Healthcare as an infinite game

This week on our blog I wrote a piece exploring the idea that health is not a zero sum game. I thought I’d explore that a bit further here in the community.

The concept of finite vs infinite games was described in the 80s by a guy named James Carse, an (athiest) religious scholar who used game theory to explore social behaviours. It’s been brought to the fore more recently by Simon Sinek in his book The Infinite Game. He explains one of the concepts, worthy rivals, in the 5 min clip below :point_down:

Sinek talks about this mostly within a business context, but I think there are some pretty important applications within healthcare. Here are my main takeaways…

  • no-one ‘wins’ healthcare
  • comparing ourselves to others we consider our competitors is not constructive and doesn’t make us feel good
  • comparing ourselves to others we consider worthy rivals can be constructive - it either points us toward areas for growth, or opportunities for collaboration and mutual gains

In terms of healthcare, I don’t think there’s anything wrong with taking pride in your professional discipline, or being an advocate for your particular specialty, sector etc. But when this crosses over to professional tribalism and one up-manship (as it so often does), it erodes our progress toward delivering better care.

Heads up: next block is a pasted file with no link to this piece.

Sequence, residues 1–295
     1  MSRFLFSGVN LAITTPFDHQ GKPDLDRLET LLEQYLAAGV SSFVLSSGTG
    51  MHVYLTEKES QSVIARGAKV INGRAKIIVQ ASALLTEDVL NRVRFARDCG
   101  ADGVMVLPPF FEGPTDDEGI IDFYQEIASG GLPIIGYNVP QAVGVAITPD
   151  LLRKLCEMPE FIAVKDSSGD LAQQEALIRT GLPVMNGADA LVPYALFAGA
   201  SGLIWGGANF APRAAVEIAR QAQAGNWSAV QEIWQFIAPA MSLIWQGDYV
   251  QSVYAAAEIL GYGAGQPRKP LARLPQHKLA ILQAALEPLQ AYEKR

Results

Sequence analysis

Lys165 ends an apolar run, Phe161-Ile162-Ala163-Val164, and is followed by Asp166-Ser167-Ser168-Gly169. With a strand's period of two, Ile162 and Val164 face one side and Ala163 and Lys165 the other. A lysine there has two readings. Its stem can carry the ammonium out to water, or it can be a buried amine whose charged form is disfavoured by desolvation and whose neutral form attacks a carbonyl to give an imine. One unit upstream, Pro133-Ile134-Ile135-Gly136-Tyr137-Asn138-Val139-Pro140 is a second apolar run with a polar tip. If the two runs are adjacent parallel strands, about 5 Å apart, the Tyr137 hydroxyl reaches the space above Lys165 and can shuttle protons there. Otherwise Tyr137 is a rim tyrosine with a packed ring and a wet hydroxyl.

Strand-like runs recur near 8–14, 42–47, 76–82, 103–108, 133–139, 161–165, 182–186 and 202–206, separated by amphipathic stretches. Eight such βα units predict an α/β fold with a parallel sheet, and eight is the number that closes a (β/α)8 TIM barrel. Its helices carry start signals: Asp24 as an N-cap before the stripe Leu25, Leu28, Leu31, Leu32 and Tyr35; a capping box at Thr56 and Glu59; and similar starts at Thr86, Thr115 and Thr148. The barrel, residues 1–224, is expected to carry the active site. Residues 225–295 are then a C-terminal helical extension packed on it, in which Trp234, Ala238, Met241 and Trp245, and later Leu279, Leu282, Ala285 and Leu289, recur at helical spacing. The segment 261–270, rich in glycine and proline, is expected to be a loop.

What sort of worthy professional rivals do you have? Do you use them to push yourself to be better, or do you team up with them and collaborate?

It’s like pornography.
Hard to define - but you know it when you see it.
That’s why it’s important to get out of the silos…and find those worthy professional rivals.

You don’t ‘win’ healthcare - you just get to keep playing.

Do I use these worthy professional rivals to push myself to be better or do I team up with them and collaborate?

Why not both?

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